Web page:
Stained Glass, IX: God’s a Methodist
They said to each other, “Were not our hearts burning within us while he was talking to us on the road, while he was opening the scriptures to us?”
So today I want to tell you that Methodists have a unique color and shape to contribute the stained glass mosaic that is global Christianity. I want to convince you, in fact, that God’s a Methodist.
I made this sermon the next-to-last episode in this sermon series because, of all the denominations we’ve looked at, I knew the least about the Methodists and needed to give myself some time to study them, and as I read about the Methodists, I was kind of stunned by the huge impact Methodist religiosity has had on the American character.
There is a Methodist church in every tiny town in America. There are 40,000 Methodist churches in America, more Methodist Churches in America than post offices (31,000), almost three times as many Methodist Churches as McDonald’s (14,000). Membership is 11 million; with seven million members, the United Methodist Church (one of several denominations in the Methodist family), is the third largest denomination in America after the Catholics and the Southern Baptists. There are four times as many Methodists as Presbyterians, four times as many as the Congregationalists, four times as many as the Episcopalians, twice was many Methodists as Lutherans.
Why has the Methodist Church flourished so remarkably in American soil? Three—probably more, but at least three—contributions the Methodists make to the mosaic of global Christianity. I want to talk about (1) the heart strangely warmed, (2) the Methodist Quadrilateral, and (3) Boots-on-the-ground theology.
First, the heart strangely warmed. John Calvin was said to be the intellectual giant of the Reformation, and Calvin’s descendants, the Presbyterians and Congregationalists, are famous for their intellectual approach to Christianity.
John Wesley, a much simpler person than John Calvin, was always talking about “the heart strangely warmed” rather than “the mind strangely cool.” That’s what Wesley said at his conversion from Anglicanism to a more fiery brand of Christianity at the age of 35 in 1738: My heart was “strangely warmed.”
John Wesley was born in 1703, almost 200 years after Martin Luther, so we have to remember that Wesley was to the Church of England what Martin Luther was to the Roman Catholic Church. In the sixteenth century, Luther thought the Mother Church in Rome needed to be reborn and reformed. She was 1,500 years old in 1517, and she was suffering a little hardening of the arteries; she was sclerotic; she was ossifying. Institutions are like people, right? As they age, they get a little arthritic, a little sclerotic; they get hard of hearing.
My friend Michael is a Roman Catholic priest, the Catholic Chaplain at Trinity College in Hartford. Michael is unmarried, of course, but he likes to say, “I’m married to the Roman Catholic Church; she’s 2,000 years old and looks it.”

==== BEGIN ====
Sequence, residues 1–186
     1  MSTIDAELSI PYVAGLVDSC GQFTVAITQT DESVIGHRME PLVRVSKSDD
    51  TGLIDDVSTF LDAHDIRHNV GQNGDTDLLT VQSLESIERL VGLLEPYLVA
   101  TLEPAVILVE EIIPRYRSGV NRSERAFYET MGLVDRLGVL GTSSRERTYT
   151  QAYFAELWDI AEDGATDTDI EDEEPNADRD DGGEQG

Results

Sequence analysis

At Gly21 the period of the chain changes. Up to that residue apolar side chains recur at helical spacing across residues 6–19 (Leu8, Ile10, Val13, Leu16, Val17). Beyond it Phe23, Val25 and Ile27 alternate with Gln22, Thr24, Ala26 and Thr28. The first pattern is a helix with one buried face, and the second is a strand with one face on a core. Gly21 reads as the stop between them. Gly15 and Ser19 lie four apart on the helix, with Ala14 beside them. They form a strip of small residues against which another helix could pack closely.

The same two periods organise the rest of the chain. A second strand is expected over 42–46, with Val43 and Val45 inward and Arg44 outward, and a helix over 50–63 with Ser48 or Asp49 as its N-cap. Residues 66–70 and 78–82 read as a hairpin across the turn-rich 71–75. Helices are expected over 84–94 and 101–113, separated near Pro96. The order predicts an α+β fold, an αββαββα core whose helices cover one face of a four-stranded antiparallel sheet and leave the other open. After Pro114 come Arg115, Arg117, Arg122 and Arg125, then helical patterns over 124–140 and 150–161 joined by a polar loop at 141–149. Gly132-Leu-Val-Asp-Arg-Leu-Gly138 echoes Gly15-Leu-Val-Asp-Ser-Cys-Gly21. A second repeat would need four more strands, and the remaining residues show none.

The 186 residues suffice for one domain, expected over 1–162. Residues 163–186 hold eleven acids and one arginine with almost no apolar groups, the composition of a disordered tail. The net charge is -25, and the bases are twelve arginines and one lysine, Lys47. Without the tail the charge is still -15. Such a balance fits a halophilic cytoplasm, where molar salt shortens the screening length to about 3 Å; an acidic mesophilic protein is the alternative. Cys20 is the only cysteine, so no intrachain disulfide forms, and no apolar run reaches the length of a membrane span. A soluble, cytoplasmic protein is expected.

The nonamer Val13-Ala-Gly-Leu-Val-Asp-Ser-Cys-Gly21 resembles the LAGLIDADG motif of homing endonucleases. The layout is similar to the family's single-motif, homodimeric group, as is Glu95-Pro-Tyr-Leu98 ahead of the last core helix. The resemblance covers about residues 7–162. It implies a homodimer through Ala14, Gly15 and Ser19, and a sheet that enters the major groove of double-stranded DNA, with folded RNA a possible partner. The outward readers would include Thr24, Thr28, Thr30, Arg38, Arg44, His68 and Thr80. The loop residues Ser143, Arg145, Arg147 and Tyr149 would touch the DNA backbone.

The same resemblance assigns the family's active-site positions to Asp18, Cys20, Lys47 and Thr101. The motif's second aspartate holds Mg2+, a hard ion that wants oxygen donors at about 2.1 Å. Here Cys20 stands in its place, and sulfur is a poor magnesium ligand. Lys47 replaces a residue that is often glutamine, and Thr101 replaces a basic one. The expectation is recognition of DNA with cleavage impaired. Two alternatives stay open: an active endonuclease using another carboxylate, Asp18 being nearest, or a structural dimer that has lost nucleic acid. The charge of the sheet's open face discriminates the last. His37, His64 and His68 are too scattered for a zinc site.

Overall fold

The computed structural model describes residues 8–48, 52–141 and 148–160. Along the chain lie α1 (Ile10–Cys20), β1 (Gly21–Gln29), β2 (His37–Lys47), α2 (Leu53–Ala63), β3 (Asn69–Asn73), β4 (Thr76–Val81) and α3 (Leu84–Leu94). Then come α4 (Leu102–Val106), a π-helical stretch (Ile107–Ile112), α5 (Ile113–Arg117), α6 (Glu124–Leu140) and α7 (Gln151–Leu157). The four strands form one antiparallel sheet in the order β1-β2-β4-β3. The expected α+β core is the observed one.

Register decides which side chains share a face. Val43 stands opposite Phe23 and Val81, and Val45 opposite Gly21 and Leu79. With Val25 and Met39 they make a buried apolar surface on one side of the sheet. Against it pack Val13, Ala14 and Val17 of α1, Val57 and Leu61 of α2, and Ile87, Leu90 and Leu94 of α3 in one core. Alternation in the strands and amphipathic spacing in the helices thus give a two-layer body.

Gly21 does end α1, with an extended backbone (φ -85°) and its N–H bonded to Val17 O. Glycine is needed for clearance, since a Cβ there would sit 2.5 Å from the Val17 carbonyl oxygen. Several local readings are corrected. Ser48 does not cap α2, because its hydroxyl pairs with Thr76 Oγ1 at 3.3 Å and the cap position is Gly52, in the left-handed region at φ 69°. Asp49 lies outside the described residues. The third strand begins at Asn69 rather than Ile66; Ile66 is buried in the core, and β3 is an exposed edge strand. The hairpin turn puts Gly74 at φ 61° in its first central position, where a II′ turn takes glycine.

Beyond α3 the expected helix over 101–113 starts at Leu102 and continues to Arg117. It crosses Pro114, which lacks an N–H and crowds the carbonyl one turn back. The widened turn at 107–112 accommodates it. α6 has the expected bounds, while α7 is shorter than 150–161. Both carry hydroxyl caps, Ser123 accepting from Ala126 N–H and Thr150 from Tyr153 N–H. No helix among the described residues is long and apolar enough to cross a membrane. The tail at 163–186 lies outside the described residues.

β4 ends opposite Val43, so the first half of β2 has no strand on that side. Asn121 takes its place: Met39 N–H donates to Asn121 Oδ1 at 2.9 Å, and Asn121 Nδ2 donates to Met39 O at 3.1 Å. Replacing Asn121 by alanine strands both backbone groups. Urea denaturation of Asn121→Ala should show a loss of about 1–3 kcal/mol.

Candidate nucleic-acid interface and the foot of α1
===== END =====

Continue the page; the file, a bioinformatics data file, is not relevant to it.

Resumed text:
That’s what Luther, the Augustinian monk, said in 1517: “I’m married to the Roman Catholic Church; she’s 1,500 years old and looks it; time for some Botox, time for a makeover.”
So, by the time Wesley comes along in the early eighteenth century, his Mother Church, the Church of England, was in need of rebirth and reform. Wesley liked to use the image of heat and fire and flame to talk about the vitality of Christian faith.
Wesley thought that the Church of England, 200 years old already when he came alone, was lukewarm, a dying ember, a campfire gradually dying down under the killing drizzle and wet fog of 200 years of English prosperity. That’s why the United Methodist Church has this stunning red flame in its logo. Remember that remark at his conversion: a heart strangely warmed.
And so the story of those two early disciples on the road to Emmaus is a quintessentially Methodist text. These two disconsolate disciples are grieving over the death of Jesus when suddenly the Risen Christ is walking down the road with them. Understandably, they don’t recognize him, because they weren’t looking for him; they thought he was dead.
They don’t recognize him until Jesus interprets the scriptures for them, and the meaning of his own betrayal, suffering, and death, and then breaks bread with them and pours out the cup for them, and then there he is! And one disciple says to the other: “Did not our hearts burn within us as he unfolded the Scriptures?” That’s where Wesley got the image of the heart strangely warmed.
But here’s the thing. This emphasis on the heart strangely warmed never made the Methodists soft in the head. There is no anti-intellectualism in Methodism as there is in other corners of the evangelical and fundamentalist Christian Churches.
Here’s a little irony of American history. John Calvin and the Presbyterians have always been known for their intellectual heritage. After the first service, Jo told me why the Methodists outnumber the Presbyterians four to one in America: It’s because as the new nation moved west, the Methodists always got to a new settlement first. If you’re a Methodist, all you need is a horse and a Bible and you can go anywhere you want.